Black Knight’s newest Market Monitor report, derived from originations data gathered through the end of July, was colored by one very crucial development: the growth of mortgage interest rates past the 7% threshold for the first time since November 2022.
“While they moved around a bit in July, there was no escaping the fact that conforming 30-year rates topped 7% in July for the first time since they spiked last fall,” said Andy Walden, Black Knight’s vice president of enterprise research and strategy. “On both a practical and psychological level, that put further downward pressure on mortgage demand.”
This was evident in rate-lock figures, which decreased for a second straight month. Total rate-lock activity fell 7% from June as purchase locks (which made up 88% of all locks in July) dropped 7.4% month over month. The count of purchase locks was down 27% annually and 35% below their pre-pandemic level.
“Purchase loans continue to dominate the origination pipeline,” Walden said, “but current housing market dynamics are just not conducive to boosting homebuyer origination volumes.”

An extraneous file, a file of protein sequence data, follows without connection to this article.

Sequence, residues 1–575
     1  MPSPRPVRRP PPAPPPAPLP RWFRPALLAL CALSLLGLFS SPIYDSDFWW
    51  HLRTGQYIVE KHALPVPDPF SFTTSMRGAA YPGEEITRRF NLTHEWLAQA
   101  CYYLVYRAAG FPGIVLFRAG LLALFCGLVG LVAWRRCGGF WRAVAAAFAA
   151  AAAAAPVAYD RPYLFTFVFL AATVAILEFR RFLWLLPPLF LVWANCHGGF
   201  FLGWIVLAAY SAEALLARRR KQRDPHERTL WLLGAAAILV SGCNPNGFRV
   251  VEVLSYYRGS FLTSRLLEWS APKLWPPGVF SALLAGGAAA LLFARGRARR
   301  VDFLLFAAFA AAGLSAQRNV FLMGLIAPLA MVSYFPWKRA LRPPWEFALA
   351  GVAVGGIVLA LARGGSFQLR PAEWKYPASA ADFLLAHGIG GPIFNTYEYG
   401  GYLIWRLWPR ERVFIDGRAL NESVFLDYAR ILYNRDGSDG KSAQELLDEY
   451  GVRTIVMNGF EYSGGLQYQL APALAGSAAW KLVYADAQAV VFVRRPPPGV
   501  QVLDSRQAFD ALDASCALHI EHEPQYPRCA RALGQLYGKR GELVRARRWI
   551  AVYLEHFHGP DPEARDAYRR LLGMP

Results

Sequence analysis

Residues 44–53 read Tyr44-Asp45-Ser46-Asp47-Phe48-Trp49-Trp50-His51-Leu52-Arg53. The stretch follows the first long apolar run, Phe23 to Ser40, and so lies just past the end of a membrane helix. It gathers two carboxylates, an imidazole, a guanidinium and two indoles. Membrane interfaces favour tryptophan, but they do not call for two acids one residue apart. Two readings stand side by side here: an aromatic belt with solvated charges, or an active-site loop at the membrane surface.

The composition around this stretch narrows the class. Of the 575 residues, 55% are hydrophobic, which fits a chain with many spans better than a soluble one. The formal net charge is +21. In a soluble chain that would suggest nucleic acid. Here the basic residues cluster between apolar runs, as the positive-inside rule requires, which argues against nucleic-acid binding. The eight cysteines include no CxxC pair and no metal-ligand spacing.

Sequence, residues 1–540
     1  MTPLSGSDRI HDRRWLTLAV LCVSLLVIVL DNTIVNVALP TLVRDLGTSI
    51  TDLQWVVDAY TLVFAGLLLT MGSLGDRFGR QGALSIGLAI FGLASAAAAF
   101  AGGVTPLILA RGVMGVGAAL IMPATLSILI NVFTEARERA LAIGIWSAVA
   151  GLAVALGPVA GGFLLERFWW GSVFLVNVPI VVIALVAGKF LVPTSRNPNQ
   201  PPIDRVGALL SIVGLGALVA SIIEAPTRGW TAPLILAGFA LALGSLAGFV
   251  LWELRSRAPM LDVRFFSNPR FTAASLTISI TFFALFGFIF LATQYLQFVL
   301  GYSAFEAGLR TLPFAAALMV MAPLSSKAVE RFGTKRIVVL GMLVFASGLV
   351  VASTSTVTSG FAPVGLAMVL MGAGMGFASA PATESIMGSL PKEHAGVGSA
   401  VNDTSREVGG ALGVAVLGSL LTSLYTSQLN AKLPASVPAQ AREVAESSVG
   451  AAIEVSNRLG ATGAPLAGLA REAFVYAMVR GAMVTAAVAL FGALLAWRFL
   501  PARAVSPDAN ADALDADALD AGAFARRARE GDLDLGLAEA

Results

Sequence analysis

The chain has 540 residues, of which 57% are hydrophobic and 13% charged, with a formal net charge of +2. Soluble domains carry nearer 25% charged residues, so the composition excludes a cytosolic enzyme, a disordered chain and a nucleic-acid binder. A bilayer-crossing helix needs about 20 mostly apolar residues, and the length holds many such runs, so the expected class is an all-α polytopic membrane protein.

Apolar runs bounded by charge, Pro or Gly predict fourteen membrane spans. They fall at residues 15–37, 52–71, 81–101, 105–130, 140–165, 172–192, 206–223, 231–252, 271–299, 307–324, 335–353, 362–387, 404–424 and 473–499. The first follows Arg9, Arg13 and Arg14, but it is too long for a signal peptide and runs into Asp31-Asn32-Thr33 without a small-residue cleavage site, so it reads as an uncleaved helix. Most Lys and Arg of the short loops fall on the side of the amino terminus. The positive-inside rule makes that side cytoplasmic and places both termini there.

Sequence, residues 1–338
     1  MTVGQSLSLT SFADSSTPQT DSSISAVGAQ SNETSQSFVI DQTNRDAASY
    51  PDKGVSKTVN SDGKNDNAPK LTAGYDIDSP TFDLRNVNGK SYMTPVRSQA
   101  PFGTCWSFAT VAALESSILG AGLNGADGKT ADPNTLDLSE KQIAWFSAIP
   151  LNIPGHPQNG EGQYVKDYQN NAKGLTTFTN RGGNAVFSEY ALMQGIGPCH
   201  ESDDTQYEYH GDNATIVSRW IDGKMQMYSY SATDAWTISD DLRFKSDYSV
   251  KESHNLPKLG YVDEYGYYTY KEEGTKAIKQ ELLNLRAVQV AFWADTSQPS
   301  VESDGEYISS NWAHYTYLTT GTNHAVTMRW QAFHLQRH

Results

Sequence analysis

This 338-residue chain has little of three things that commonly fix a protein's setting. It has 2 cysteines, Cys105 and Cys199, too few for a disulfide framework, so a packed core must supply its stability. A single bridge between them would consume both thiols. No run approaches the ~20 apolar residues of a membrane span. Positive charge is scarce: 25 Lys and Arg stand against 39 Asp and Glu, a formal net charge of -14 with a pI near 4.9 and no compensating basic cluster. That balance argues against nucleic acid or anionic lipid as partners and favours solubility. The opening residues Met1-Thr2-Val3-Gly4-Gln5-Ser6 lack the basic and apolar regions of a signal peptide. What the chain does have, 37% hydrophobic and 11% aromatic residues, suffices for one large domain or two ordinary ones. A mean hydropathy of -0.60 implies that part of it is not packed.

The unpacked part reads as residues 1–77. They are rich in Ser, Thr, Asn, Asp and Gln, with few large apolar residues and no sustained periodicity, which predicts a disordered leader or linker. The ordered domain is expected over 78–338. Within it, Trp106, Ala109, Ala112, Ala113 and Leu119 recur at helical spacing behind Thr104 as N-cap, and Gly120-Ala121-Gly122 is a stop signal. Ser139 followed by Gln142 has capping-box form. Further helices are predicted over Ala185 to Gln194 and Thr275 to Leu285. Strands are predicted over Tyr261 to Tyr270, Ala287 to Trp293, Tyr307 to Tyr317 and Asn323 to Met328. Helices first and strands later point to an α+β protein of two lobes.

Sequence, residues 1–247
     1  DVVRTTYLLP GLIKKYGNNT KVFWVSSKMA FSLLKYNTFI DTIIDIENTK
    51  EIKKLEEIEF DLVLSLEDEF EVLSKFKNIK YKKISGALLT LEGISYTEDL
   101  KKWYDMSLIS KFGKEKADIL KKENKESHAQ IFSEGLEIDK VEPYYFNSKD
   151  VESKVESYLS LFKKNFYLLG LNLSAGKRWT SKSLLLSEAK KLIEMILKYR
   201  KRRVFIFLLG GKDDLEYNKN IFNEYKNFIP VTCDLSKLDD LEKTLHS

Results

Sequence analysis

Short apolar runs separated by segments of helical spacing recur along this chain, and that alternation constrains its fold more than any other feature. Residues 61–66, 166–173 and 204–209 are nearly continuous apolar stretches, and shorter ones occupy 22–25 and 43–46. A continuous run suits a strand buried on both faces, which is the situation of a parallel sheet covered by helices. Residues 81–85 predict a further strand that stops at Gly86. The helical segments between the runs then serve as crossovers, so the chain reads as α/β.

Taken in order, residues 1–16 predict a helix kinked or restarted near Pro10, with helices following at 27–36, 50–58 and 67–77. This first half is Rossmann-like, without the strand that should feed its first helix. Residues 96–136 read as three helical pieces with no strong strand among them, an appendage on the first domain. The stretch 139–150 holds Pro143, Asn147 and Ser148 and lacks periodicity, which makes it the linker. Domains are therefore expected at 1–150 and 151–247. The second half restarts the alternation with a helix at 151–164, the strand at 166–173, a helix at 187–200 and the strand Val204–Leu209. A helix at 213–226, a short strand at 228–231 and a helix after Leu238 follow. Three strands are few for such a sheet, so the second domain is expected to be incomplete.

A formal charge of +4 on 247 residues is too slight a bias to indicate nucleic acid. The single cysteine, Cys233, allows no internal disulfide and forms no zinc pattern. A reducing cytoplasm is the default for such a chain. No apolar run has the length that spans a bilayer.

Refinances continue to lag in the high-rate climate, with both cash-out and rate-and-term refis down a respective 60% and 31% year over year. Interest rates hovered in the mid- to high-5% range in July 2022.
The outlook for refinances continues to look grim, per the Market Monitor as only 3% of all homeowners with mortgages have first-lien rates at or above the current level. In a cycle that has been marked by instability, the latest upward bounce of mortgage rates is the newest development in a market with lagging activity and a boil beneath home prices.
“With home prices hitting new peaks across many parts of the country, and no end in sight to the for-sale inventory shortage, the housing market continues to reheat,” Walden said. “It’s worth noting, however, that in a ‘normal’ year, June typically marks the calendar peak of home prices on a non-adjusted basis, so you would normally expect to see a decreasing trend through year’s end and into February. That said, this year, and this market, have been anything but normal.
“Rising rates may be tamping demand for homes at such record-high prices, as evidenced by rate-lock activity, but they’ve still yet to overcome an even greater deficit of supply. As a result, the purchase market is in a stalemate.”
Meanwhile, signs of credit tightening remain highly in focus. Downpayments are up, loan-to-value ratios are down, and credit scores for locked loans are hitting peak levels. The average credit score across purchase locks for primary residences grew to a record high before coming down to remain flat compared to June. Meanwhile, credit scores among locks for conforming and Federal Housing Administration loan products each reached series highs during the same period.